Alan Greenspan goes to Washington. And this time he sounds more like Jimmy Stewart as the naive Boy Scout leader who is appointed to the Senate in the movie “Mr. Smith Goes to Washington.” The Jimmy Stewart character is a Boy Scout, full of innocence, always hopeful, and believing in the honesty of others. He is shocked to learn that the senior Senator from is State is corrupt. Sounds similar to Mr Greenspan.
“Those of us who have looked to the self-interest of lending institutions to protect shareholders’ equity, myself included, are in a state of shocked disbelief,” he told the House Committee on Oversight and Government Reform.
Congressmen, eager to distance themselves from the economic debacle, grilled Greenspan as if he had not left his position with the Federal Reserve three years ago. Greenspan is admirably showing up and taking the heat. He admits wrong calculations – and this writer believes him – there is nothing corrupt about Alan Greenspan.
The accusation against Greenspan is that he kept interest rates too low for too long – thus encouraging borrowing beyond means. That is likely an honest miscalculation. It seems there may be more variables with economics than Greenspan or anyone else can compute in a single formula.
The other accusation is less innocent – and much more troubling. Greenspan did not stop, or slow down, or rein in, the rapid growth of risky and sometimes fraudulent mortgage bundles. In short – he had the power to prevent some of the financial practices that have led directly to the current economic bust.
Alan Greenspan is no Boy Scout. He was the Chairman of the Federal Reserve for eighteen years. Under questioning Greenspan admitted that his view of the economic world was not right. Greenspan was one of the central champions of deregulation. He advised George H. W. Bush, Bill Clinton, and George W. Bush. His expertise was so valued and respected that virtually no one in Congress challenged him.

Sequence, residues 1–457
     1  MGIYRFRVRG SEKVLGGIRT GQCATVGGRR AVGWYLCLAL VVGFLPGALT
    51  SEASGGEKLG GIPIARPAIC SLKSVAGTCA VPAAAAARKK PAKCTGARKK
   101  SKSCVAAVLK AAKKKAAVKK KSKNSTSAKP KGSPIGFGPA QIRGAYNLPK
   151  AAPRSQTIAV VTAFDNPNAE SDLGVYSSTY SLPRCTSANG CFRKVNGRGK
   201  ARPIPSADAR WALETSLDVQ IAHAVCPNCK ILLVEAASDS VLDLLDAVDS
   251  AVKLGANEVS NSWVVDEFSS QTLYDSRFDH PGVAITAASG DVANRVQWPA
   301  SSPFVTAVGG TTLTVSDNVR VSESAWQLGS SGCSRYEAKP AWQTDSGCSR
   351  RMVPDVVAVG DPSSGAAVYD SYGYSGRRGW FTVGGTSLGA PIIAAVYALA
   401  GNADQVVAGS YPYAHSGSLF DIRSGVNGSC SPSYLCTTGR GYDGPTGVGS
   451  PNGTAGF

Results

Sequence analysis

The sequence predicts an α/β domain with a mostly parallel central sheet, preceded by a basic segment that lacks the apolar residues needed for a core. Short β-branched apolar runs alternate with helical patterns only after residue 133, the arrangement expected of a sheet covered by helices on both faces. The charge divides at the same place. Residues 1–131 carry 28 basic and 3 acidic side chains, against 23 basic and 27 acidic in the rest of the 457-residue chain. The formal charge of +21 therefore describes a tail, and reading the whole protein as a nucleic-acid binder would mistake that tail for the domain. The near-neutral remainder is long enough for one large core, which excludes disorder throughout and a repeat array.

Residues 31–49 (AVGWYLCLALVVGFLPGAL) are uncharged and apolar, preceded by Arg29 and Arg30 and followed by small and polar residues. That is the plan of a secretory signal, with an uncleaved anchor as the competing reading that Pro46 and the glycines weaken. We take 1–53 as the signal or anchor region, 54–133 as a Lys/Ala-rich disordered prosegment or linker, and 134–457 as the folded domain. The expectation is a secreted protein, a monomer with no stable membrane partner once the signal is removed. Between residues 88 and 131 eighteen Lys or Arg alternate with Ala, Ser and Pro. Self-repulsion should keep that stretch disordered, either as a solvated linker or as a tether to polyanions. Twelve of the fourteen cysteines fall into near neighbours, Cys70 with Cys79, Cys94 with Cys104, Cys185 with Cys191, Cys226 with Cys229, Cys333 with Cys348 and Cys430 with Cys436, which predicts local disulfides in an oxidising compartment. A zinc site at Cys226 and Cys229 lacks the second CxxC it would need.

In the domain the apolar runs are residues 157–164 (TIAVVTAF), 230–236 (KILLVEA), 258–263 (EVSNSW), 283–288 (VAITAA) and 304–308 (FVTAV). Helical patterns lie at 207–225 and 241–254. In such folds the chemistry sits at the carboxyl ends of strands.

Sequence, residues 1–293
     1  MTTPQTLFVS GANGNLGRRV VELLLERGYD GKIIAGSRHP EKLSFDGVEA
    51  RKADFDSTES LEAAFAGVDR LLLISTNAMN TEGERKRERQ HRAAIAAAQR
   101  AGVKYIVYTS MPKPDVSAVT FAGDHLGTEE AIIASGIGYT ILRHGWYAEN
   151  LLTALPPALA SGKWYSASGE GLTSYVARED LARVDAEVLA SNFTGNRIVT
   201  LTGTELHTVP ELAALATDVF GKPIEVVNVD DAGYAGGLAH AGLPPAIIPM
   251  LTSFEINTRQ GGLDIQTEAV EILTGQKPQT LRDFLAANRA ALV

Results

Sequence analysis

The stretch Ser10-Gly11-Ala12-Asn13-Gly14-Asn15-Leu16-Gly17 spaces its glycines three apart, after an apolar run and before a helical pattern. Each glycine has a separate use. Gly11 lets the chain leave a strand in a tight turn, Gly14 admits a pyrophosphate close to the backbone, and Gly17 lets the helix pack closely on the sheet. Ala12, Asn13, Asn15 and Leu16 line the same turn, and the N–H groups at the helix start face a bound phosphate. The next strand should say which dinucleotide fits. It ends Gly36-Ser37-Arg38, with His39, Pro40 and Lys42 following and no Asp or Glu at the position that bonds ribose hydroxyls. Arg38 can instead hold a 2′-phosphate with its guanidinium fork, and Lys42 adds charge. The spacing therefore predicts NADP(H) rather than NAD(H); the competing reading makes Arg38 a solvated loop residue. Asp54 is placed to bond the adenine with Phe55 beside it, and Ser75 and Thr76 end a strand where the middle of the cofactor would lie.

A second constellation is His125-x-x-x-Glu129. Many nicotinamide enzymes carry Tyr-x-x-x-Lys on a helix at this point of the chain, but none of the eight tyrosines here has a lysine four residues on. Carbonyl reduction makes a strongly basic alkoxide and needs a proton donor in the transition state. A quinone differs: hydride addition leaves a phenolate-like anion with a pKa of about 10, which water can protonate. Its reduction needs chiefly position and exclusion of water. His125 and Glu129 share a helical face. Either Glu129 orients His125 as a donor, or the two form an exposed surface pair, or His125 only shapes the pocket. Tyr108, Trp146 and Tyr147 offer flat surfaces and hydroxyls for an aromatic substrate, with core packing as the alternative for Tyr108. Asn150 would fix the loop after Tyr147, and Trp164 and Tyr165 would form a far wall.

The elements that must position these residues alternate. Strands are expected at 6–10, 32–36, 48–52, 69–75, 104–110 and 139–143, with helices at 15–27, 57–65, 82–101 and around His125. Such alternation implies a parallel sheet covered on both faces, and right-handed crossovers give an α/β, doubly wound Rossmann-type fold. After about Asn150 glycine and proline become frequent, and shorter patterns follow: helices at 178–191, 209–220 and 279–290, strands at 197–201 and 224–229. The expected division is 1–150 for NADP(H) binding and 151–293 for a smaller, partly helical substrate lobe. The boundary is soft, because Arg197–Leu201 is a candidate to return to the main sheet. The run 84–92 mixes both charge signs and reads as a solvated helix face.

Greenspan admits his error in judgment. This writer believes him. The fault with Greenspan was not criminal – merely naive. Greenspan deeply underestimated the power of greed. My guess is that Greenspan refused to believe that any of the Banking CEO’s would take the sort of risks that many of them took. Naive.
This troubles me. Even redneck country bumpkins like me have heard the phrase, “Power Corrupts, Absolute Power Corrupts Absolutely.” Billy Bob always said, “Trust God, but lock your car.”
There are 435 Congressmen, 100 Senators, one President, and a Federal bureaucracy of a bazillion folks who study this stuff. Did they think that the Banking CEO’s could not be corrupted? That is what Greenspan said before Congress today. In case you missed it the first time: “Those of us who have looked to the self-interest of lending institutions to protect shareholders’ equity, myself included, are in a state of shocked disbelief.”
Those of us who have lost small fortunes, who have lost our homes, who have lost our jobs, who have postponed retirement, who fear for the future of our children are in a state of shock and disbelief.
Actual Quote from John Acton: “Power tends to corrupt, and absolute power corrupts absolutely. Great men are almost always bad men.“